Wednesday, June 23, 2010

Fixing ‘Unintended Consequences’

(Industry Week – Jill Jusko)

Proposed legislation to modify 2008’s sweeping consumer product safety law is drawing mixed reactions from manufacturers

Sean Hilbert is among the manufacturers keeping a close eye on proposed draft legislation aimed at modifying the Consumer Product Safety Improvement Act of 2008 (CPSIA). So far, the president of Cobra Moto is not entirely pleased with what he sees. “It’s moving in the right direction. It’s not moving fast enough,” he says.

The draft legislation in question is the Consumer Product Safety Enhancement Act of 2010 (CPSEA), introduced by Rep. Henry Waxman (D-Calif.) in March and debated in late April at a hearing before the House Subcommittee on Commerce, Trade and Consumer Protection. It aims to address what some have called the “unintended consequences” of the CPSIA, a sweeping law that reformed U.S. consumer safety laws in the wake of a seeming groundswell of recalls of children’s products, many due to unsafe lead levels.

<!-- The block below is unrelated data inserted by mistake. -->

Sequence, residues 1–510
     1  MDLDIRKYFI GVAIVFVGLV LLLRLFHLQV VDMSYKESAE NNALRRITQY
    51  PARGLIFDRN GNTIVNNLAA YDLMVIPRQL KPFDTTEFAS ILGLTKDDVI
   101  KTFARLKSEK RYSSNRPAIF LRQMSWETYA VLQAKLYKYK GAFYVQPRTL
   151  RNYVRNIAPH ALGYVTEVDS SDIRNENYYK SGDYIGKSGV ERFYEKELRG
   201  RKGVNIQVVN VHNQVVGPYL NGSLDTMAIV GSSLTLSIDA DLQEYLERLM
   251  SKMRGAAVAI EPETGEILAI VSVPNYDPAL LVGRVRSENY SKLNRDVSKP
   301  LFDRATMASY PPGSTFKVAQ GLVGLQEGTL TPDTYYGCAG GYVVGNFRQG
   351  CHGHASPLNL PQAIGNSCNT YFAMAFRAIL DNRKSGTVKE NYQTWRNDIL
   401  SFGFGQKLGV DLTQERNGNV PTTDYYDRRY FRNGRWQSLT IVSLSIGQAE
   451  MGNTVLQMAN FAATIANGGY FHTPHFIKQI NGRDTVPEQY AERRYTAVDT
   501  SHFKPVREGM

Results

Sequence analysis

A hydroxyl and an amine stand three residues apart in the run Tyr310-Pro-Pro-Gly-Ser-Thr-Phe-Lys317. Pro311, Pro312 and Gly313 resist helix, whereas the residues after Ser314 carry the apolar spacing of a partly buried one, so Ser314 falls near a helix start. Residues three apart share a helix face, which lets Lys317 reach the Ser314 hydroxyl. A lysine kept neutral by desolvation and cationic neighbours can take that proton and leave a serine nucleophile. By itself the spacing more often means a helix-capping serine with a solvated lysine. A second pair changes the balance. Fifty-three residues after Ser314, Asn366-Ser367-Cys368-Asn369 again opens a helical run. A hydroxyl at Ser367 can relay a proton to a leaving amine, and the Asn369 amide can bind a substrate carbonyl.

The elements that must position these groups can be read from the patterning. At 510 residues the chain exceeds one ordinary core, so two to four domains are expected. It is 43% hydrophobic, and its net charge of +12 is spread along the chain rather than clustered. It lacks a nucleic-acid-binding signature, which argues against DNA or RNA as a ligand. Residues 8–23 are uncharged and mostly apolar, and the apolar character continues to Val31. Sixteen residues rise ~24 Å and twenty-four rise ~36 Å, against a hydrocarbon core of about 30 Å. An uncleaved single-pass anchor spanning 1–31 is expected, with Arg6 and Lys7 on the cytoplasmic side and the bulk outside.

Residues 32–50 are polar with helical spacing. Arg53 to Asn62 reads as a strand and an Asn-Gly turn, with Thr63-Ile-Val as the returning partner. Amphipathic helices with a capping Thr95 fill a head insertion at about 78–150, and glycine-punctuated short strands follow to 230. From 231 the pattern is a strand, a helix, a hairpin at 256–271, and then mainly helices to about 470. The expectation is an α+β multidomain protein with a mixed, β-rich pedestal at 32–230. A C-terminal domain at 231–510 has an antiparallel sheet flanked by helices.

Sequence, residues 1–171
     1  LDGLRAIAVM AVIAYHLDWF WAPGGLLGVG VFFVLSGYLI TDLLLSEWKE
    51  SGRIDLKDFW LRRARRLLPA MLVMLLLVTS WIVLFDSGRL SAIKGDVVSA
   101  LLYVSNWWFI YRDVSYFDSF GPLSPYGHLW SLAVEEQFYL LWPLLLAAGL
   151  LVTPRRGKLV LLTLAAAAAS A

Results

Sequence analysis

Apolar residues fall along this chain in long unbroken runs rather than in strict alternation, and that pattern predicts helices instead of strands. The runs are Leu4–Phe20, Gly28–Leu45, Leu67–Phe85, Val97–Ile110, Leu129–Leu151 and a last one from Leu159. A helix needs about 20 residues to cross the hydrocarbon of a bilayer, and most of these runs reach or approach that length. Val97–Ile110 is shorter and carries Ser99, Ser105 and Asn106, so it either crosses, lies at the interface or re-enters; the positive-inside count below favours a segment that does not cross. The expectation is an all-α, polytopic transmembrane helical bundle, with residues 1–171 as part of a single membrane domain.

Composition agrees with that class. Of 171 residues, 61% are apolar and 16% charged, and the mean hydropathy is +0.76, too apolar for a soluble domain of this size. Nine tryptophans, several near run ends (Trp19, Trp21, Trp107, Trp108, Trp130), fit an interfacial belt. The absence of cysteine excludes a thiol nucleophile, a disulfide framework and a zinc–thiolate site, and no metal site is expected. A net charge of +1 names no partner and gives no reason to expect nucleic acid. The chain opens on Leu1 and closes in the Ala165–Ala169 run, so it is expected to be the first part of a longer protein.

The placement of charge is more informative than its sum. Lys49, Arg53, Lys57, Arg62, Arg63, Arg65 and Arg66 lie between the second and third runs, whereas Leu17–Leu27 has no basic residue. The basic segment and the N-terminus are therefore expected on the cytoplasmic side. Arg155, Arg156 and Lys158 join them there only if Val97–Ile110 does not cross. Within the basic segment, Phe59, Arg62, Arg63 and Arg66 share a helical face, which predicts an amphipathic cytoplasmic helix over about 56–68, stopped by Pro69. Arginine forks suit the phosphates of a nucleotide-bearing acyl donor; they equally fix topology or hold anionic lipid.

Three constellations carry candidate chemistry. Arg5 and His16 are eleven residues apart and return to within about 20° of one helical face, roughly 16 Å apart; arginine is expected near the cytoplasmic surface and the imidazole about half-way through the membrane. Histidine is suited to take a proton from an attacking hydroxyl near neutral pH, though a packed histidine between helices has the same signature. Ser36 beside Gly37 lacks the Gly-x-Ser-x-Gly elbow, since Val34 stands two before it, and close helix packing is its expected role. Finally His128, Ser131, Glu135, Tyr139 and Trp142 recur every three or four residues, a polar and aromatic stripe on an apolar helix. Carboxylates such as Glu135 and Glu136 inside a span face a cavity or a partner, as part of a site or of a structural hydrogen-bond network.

Among the unintended consequences, the law’s critics say (and proponents as well), is the wide range of children’s products swept up by the lead provisions – even for products not likely to be ingested or mouthed by children, as well as burdensome and expensive testing procedures that could drive smaller manufacturers out of business (and already have, in some instances). The complexity of implementing the legislation is evidenced by several stays of enforcement of lead-content limits for certain products as well as third-party testing requirements. Read more here.